Predatory colleges disproportionately harm veterans, low-income students, and students of color.2 Frequently, students leave these schools with high debt but with no degree or certification. Prior to the pandemic, students at for-profit colleges defaulted almost four times more often than students who attended public community colleges.3 When predatory schools close, they often do so suddenly, leaving thousands of students locked out and with uncertain futures – even as owners extract final draws of cash. Meanwhile, predatory colleges exacerbate racial inequity by disproportionately enrolling students of color. Black and Latino students attending for-profit colleges are less likely to complete programs, and they borrow an average of $10,000 more than Black and Latino students attending public colleges.4
We advocate for the measures below to guard against the predatory and exploitative practices that lead to burdensome student loan debt, poor job prospects, and wasted tax dollars.
Strong Gainful Employment and Financial Value Protections. In May, the U.S. Department of Education released a proposed rule to fulfill the requirement under the Higher Education Act (HEA) to ensure all career education programs offered at public, non-profit, and for-profit colleges receiving federal student aid dollars “prepare students for gainful employment in a recognized occupation.” The proposed rule would put in place a two-step test for career programs. As under a prior rule rescinded by the Education Department in 2019, the new gainful employment rule would require programs to demonstrate completers do not face burdensome loan payments as a proportion of their earnings. Rescinding the rule came at an estimated cost to taxpayers of more than $6 billion.5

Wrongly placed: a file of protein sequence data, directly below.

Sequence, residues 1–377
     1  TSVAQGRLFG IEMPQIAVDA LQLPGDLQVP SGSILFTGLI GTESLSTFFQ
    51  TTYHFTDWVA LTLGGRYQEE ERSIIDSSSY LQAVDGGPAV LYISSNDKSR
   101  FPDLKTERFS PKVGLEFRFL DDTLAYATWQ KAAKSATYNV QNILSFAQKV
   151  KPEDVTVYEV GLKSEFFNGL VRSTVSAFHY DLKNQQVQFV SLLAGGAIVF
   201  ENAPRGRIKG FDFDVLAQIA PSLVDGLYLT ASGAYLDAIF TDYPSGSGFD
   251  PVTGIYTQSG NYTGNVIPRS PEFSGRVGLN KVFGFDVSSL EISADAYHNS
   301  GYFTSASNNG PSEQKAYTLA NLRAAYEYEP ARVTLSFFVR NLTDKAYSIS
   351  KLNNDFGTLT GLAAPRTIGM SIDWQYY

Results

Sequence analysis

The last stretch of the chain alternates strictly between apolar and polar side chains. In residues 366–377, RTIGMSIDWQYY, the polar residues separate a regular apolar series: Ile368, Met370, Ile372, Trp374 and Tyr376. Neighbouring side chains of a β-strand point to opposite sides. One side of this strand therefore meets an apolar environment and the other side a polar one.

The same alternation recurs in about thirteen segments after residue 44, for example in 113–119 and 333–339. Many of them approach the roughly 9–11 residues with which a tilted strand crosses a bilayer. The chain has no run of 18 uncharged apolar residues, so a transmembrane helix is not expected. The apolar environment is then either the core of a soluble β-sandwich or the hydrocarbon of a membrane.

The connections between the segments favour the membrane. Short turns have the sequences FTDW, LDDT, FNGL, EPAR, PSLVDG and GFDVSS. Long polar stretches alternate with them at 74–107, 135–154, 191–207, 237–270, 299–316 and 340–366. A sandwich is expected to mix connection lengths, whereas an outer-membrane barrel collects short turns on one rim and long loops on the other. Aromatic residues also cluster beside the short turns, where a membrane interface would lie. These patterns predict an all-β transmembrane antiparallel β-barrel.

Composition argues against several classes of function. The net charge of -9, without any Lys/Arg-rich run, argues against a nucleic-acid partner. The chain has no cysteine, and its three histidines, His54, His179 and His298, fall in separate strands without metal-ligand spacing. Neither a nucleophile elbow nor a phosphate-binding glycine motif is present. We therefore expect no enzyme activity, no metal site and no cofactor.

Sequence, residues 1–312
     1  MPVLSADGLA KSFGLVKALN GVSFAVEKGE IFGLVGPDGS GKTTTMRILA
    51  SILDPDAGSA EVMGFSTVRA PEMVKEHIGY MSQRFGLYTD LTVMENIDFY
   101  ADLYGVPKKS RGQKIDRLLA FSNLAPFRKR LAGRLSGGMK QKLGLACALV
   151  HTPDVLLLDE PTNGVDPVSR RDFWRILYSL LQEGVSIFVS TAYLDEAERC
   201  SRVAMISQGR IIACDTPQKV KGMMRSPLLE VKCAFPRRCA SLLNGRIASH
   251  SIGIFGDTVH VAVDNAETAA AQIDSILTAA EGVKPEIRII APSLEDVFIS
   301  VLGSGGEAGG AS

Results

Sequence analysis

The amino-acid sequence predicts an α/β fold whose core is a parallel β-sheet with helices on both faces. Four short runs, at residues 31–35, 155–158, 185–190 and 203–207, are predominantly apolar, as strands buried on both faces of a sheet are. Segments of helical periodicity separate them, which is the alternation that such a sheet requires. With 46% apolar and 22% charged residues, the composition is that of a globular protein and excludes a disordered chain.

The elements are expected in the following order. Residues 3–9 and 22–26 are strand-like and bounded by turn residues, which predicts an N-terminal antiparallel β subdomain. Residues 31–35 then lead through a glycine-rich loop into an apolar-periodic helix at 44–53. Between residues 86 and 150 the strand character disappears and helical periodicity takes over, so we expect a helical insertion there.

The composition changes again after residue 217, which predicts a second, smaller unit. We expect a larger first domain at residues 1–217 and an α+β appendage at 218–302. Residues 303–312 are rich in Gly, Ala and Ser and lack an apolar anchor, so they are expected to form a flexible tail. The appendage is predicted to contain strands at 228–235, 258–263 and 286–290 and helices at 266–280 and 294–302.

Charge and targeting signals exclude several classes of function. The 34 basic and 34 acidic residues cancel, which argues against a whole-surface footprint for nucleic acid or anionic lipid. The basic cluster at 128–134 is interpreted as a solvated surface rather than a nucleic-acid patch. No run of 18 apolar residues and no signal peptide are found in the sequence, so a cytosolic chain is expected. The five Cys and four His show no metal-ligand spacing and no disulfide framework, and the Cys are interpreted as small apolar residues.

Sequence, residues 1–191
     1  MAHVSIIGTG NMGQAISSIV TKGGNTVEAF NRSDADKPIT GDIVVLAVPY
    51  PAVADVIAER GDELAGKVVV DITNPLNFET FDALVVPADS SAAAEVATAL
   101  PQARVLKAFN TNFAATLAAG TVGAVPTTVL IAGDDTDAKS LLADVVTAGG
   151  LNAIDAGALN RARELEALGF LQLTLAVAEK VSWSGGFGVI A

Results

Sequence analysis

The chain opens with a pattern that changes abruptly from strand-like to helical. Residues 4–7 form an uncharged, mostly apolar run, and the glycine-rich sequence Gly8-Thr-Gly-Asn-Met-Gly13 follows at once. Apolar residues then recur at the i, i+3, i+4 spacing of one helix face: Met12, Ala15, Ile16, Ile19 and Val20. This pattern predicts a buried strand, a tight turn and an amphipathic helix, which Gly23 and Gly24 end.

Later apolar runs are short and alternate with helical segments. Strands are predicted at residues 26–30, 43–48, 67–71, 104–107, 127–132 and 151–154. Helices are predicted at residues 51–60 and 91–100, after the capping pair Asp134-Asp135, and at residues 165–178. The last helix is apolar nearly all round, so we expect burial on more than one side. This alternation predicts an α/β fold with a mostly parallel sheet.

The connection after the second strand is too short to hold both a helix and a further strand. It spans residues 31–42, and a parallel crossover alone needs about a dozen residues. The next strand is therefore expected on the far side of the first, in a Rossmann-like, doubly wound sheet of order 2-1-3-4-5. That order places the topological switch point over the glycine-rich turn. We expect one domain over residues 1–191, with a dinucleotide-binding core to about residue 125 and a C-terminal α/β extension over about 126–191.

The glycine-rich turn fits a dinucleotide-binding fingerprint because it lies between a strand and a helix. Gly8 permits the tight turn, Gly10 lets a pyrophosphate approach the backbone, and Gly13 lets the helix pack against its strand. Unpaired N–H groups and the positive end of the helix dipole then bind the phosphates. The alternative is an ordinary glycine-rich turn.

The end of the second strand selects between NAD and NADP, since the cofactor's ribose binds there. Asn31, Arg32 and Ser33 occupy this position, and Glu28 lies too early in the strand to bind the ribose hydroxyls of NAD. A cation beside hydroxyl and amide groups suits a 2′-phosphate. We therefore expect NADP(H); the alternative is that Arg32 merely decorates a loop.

A new second test would require programs to demonstrate most of their completers earn more than working-age adults in their state who hold a high school diploma but no postsecondary credential. Both elements of the proposed rule would provide a baseline threshold for programlevel accountability that sets the bar for institutions to ensure their career offerings prepare graduates for upward economic mobility.